On the short term: Modest growth ahead
After tumultuous years marked by the COVID-pandemic and the energy crisis following Russia’s invasion of Ukraine, the global economy has entered a comparatively stable phase. Our global outlook for 2024 anticipates modest economic growth of 3.1% next year. We expect recessions in the US and the UK, with the eurozone and Japanese economies muddling through. While this growth is insufficient to improve the lives of people in emerging markets, it aligns with the intentional efforts of central banks to combat inflation by raising interest rates. This results in increased lending costs for companies and governments and subsequently reduced investment. Additionally, persistent geopolitical concerns, such as the ongoing war in Ukraine, the conflict between Israel and Hamas, and trade tensions between China and the US, add to the challenges.
Economic growth thus falls short of investors' expectations. Elevated return expectations, driven primarily by market growth, prompt companies to focus on efficiency, stock buybacks, or other value-enhancing strategies.
However, this ‘low’ global growth still adds an economy the size of the world economy in 1970 or the current size of the UK economy to global economic activity. Rather than a disappointment, this should be a cause of concern. By now it is clear that climate change and loss of biodiversity are serious problems that require immediate action. As we approach COP28, however, it becomes increasingly evident that globally, we are struggling to decouple economic activity from adverse effects on the ecosystem.
Our predicament lies in having a growth-dependent economic system that does not grow enough while at the same time increased economic activities will further jeopardise the foundation of our existence – our ecosystems. This is the contradiction we need to solve.
On the long term: towards a post-growth economy
In our long-term outlook, we present three pathways towards post-growth. These pathways illustrate what it could entail if we get off the road to ecological disaster. This involves reshaping the economy to be less dependent on growth while still ensuring prosperity for all. It's crucial to acknowledge that one of the main reasons for discussing no growth or even a decline in economic activity in affluent countries is that additional material prosperity does not necessarily contribute to overall well-being. Discussion about an economy beyond growth is essential, primarily to allow less affluent countries, where growth still positively impacts living conditions, the space to progress.
Embarking on these alternative pathways demands radical shifts. Some sectors must be phased out, while others should get the chance to thrive. High polluting sectors, such as fossil fuels, fast fashion, and industrial agriculture, may generate financial value, but they also strongly erode ecological and social values, subtracting from (future) wealth. However, in a post-growth economy, there is room for restorative businesses that create net-positive value to flourish. Facilitating this requires significant changes, spanning from policies to behaviour, but it is a plausible undertaking. We built the current system, and it served its purpose, so we will also be able to build a new, better one.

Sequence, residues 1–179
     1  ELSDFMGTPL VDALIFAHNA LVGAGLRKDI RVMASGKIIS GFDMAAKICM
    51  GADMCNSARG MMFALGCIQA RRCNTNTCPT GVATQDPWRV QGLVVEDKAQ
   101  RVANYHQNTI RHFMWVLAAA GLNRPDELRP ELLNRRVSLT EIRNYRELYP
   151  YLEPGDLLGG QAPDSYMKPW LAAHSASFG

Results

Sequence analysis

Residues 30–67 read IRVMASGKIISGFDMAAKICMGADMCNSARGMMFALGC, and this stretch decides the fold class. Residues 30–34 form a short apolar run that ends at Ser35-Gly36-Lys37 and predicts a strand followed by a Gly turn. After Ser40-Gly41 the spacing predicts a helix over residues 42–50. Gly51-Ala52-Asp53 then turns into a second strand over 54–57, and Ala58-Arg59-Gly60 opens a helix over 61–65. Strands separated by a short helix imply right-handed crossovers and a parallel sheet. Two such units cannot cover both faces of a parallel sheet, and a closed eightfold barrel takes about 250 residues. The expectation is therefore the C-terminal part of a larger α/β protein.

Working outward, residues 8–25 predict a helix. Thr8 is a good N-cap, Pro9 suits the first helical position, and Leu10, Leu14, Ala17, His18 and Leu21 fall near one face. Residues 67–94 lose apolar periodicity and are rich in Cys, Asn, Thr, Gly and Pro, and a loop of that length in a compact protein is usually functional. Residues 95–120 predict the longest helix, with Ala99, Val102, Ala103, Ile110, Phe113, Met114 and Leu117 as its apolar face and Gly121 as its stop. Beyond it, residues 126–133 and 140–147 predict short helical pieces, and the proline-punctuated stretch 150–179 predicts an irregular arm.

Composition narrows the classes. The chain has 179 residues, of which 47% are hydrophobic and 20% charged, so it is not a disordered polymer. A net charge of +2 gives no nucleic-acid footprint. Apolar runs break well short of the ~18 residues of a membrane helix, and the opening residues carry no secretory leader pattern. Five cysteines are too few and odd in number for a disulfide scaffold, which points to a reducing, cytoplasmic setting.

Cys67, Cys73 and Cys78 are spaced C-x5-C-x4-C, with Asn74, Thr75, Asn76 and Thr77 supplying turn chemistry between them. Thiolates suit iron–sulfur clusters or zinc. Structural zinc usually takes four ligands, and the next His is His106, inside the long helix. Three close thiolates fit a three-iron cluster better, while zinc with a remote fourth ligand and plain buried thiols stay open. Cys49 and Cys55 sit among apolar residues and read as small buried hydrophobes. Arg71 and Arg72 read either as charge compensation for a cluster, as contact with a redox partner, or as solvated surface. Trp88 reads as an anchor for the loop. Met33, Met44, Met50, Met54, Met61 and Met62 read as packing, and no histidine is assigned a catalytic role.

The pathways we propose as alternatives to the business-as-usual scenarios presented by other financial institutions may seem too radical. Yet a transformation to a genuinely sustainable society does take more than sustainable investments. It starts with a vision on a sustainable economic system and what that looks like from a macro perspective. Leaving our system intact and going about business-as-usual while aiming to invest for a sustainable future is simply impossible.
The contribution of the financial sector and investors to a post-growth transition begins with a value-based reorientation towards the common good. Their goal should evolve from creating only financial value to multi-capital creation. With that, we mean the creation (or restoration) of natural capital, human capital, social capital and financial capital. Financial actors must see themselves as stewards of the future, bookkeepers of all capitals for future generations, makingconscious investmentsin the transitions that we and future generations need. Positive impact should come before risk and return in the short-term.
New, healthy wealth can only be found by making impact in the real economy, directed at our future needs.